Most sites were given a Poor rating because each ecosystem showed evidence of major changes in animal communities and plant life, and moderate changes to the way the ecosystems functioned. The site on Lake Albert near Waltowa was given a Very Poor rating because the extremely low diversity and abundance of aquatic macroinvertebrates warranted a more severe assessment compared to the other sites that were assessed in 2011.
The biological responses to the freshening of each waterbody had not resulted in diverse aquatic macroinvertebrate or plant communities establishing at any site. Each waterbody showed evidence of a shift towards more of a freshwater ecosystem due to the collection of a wider range of freshwater species. However, abundances were very low and many types of invertebrates and plants that occurred in the region before the drought had not yet established in the lakes and tributary streams. It is likely that any recovery towards more of a pre-drought assemblage of species will take many months to years to occur.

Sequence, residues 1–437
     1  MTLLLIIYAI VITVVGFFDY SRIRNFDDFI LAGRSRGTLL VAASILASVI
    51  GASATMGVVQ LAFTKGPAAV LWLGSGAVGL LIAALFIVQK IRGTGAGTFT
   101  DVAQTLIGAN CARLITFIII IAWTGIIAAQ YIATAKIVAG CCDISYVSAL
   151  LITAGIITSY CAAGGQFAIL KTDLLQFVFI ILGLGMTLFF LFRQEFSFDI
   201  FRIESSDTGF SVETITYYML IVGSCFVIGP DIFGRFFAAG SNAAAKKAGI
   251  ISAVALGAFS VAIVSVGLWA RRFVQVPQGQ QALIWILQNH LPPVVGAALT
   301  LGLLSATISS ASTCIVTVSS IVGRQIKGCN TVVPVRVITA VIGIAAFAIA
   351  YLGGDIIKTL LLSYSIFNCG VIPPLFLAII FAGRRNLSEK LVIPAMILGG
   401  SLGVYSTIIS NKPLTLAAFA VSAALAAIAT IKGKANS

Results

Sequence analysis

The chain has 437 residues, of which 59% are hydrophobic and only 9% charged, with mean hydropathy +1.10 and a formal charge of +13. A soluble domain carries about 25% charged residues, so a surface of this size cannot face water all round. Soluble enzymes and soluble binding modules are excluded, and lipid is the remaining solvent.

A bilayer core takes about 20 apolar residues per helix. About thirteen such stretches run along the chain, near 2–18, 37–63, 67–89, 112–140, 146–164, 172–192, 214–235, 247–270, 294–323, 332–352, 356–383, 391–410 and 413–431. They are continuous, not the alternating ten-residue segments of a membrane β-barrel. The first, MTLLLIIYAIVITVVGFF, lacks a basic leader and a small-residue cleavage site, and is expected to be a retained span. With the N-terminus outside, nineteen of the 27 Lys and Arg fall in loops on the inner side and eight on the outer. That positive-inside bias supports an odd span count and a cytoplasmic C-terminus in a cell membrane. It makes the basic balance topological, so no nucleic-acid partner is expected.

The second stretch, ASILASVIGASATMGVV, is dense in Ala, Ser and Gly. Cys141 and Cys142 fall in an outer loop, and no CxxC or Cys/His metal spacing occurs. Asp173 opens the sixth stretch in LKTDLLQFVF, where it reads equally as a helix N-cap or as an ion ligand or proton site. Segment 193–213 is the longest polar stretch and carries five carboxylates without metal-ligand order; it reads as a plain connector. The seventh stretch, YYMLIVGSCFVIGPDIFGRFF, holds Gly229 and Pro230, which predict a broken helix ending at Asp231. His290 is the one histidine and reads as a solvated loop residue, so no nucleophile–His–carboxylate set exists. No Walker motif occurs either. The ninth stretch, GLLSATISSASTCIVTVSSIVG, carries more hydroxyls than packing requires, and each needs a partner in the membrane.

The sites on Lake Alexandrina provided habitat for at least a few macroinvertebrates normally found in floodwater and freshwater wetland habitats of the River Murray in South Australia (e.g. chironomid Cladotanytarsus and freshwater shrimp Paratya australiensis). A range of 12-20 species of macroinvertebrates was collected from the three sites sampled from the lake but it still lacked many groups (e.g. bivalves, native snails, mites, mayflies and several types of flies) that occurred in the lake prior to the drought. The lake should, however, slowly recover towards more of a pre-drought state over the following months to years, if prolonged inflows of freshwater continue to push water through the river and into the lake, Goolwa channel and river mouth.